And going a little farther he fell on his face and prayed, saying, “My Father, if it be possible, let this cup pass from me; nevertheless, not as I will, but as you will.” And he came to the disciples and found them sleeping. And he said to Peter, “So, could you not watch with me one hour? Watch and pray that you may not enter into temptation. The spirit indeed is willing, but the flesh is weak.” Again, for the second time, he went away and prayed, “My Father, if this cannot pass unless I drink it, your will be done.” And again he came and found them sleeping, for their eyes were heavy. So, leaving them again, he went away and prayed for the third time, saying the same words again.

It is going to take a miracle for us to begin to see what is transpiring here. This horrific scene is so far beyond our understanding. We’ll only begin to scratch the surface today. But we must plunge ourselves into the darkness of this scene and pray for our eyes to be opened to see what Jesus saw before Him.

As the old hymn Give Me A Sight, O Savior states,
“Oh help me understand it, help me take it in-
what it meant to Thee, the Holy One, to bear away my sin.”

And this is what we need to see: Here in the garden of Gethsemane Jesus is beginning to confront head on the deepest agony of the cross. And this agony will go beyond the physical suffering of the cross. What causes Jesus to be so overwhelmed here is the contents of the “cup” that He must drink.

Picture Jesus with His face on the ground. Overwhelmed by what is about to come about, He prays, “My Father, if it be possible, let this cup pass from me; nevertheless, not as I will, but as you will.”

Luke 22:44 states that Jesus was sweating so much that His sweat was “like great drops of blood falling to the ground.”

But, why? Why all the stress and emotional torment? Why all of the agony? Why is Jesus’ sweat like great drops of blood? Why is He praying to the Father?

His request to His Father reveals the answer: “let this cup pass from me.”

But what is this cup? What is Jesus talking about? What is in this cup that Jesus saw that He does not want to drink?

The contents of the cup are the most hideous, the most frightening, most alarming, most terrifying, most petrifying, most hair-raising, most spine-tingling, most blood-curdling, most bone-chilling, most horrifying, most nerve-racking, most fearsome, and most unnerving thing that any human being can face.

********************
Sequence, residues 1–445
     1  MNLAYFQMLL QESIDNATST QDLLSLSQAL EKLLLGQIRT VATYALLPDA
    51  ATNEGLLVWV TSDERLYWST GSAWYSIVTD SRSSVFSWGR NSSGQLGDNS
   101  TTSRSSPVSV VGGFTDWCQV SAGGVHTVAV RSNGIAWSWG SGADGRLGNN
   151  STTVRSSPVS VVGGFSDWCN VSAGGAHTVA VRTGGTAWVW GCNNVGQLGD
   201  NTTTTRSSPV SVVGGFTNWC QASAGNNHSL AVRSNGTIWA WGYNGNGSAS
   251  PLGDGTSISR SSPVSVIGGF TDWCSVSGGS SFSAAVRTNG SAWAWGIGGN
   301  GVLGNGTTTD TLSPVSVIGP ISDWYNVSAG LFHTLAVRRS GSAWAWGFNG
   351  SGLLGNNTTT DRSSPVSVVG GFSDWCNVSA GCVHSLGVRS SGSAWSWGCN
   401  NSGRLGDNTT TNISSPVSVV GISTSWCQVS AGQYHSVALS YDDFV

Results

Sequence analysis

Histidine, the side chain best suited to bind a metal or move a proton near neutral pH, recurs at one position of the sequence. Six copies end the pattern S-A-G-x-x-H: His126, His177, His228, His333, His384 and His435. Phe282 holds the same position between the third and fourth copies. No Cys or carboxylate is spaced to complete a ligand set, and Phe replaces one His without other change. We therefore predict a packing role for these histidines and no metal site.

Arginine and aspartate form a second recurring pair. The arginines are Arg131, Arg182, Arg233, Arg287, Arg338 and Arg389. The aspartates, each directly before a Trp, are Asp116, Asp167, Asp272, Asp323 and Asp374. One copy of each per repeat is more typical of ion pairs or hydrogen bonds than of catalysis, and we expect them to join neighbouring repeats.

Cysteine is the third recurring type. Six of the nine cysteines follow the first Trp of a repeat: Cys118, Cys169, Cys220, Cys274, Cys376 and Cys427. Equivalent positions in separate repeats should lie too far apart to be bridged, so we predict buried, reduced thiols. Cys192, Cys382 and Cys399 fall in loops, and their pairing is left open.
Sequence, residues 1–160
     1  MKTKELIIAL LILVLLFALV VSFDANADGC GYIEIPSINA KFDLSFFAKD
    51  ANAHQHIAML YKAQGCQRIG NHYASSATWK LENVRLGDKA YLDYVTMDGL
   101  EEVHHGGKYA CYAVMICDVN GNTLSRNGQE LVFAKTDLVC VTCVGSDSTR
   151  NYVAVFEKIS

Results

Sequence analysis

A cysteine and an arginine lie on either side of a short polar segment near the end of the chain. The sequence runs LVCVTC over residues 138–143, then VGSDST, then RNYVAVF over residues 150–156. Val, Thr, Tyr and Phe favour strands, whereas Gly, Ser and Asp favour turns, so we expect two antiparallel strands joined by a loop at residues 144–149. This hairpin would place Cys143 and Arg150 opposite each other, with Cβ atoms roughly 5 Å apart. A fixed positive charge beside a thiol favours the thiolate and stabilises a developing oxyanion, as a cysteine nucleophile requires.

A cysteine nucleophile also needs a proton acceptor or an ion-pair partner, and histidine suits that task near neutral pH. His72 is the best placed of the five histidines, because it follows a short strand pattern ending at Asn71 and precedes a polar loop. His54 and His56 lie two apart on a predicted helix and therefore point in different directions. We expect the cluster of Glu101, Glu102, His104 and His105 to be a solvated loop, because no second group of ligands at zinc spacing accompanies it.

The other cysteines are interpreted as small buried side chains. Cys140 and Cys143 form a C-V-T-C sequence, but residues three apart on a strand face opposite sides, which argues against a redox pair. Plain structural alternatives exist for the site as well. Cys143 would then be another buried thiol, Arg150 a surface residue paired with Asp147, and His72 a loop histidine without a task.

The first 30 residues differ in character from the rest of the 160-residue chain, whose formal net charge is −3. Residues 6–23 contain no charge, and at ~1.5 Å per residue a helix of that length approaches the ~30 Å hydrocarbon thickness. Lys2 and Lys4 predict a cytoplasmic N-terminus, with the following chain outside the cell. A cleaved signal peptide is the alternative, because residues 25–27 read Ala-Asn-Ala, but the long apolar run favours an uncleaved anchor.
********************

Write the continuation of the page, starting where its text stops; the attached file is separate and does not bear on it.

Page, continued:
The contents of the cup are the wrath of a holy God intended for your sins and mine. That is what is troubling Jesus in the garden. He is coming face to face with the wrath of God.

JESUS EXPERIENCED UNBOUNDED TORMENT OF SOUL AS HE CONFRONTED ABSOLUTE WRATH AND TOTAL ABANDONMENT FROM HIS FATHER.

The cup of wrath is spoken of in Scripture as the judgment of God in several places:

Psalm 75:6-8
For not from the east or from the west
and not from the wilderness comes lifting up, but it is God who executes judgment,
putting down one and lifting up another.
For in the hand of the Lord there is a cup
with foaming wine, well mixed,
and he pours out from it,
and all the wicked of the earth
shall drain it down to the dregs.

Habakkuk 2:16
The cup in the Lord’s right hand
will come around to you,
and utter shame will come upon your glory!

Jeremiah 25:15-17, 27-29
Thus the Lord, the God of Israel, said to me: “Take from my hand this cup of the wine of wrath, and make all the nations to whom I send you drink it. They shall drink and stagger and be crazed because of the sword that I am sending among them.” So I took the cup from the Lord’s hand, and made all the nations to whom the Lord sent me drink it…
…“Then you shall say to them, ‘Thus says the Lord of hosts, the God of Israel: Drink, be drunk and vomit, fall and rise no more, because of the sword that I am sending among you.’ “And if they refuse to accept the cup from your hand to drink, then you shall say to them, ‘Thus says the Lord of hosts: You must drink! For behold, I begin to work disaster at the city that is called by my name, and shall you go unpunished? You shall not go unpunished, for I am summoning a sword against all the inhabitants of the earth, declares the Lord of hosts.’

Isaiah 51:17, 20-23
Wake yourself, wake yourself,
stand up, O Jerusalem,
you who have drunk from the hand of the Lord
the cup of his wrath,
who have drunk to the dregs
the bowl, the cup of staggering…
…they are full of the wrath of the Lord,
the rebuke of your God. Therefore hear this, you who are afflicted,
who are drunk, but not with wine:
Thus says your Lord, the Lord,
your God who pleads the cause of his people:
“Behold, I have taken from your hand the cup of staggering;
the bowl of my wrath you shall drink no more;
and I will put it into the hand of your tormentors…

Revelation 14:9-10
And another angel, a third, followed them, saying with a loud voice, “If anyone worships the beast and its image and receives a mark on his forehead or on his hand, he also will drink the wine of God’s wrath, poured full strength into the cup of his anger, and he will be tormented with fire and sulfur in the presence of the holy angels and in the presence of the Lamb.

So the cup that Jesus asks to be removed from Him is a picture of the wrath of God. No wonder Jesus falls on the ground and prays to His Father. He has come face to face with the reality that He will bear the sins of mankind and He will become the target of Gods righteous wrath.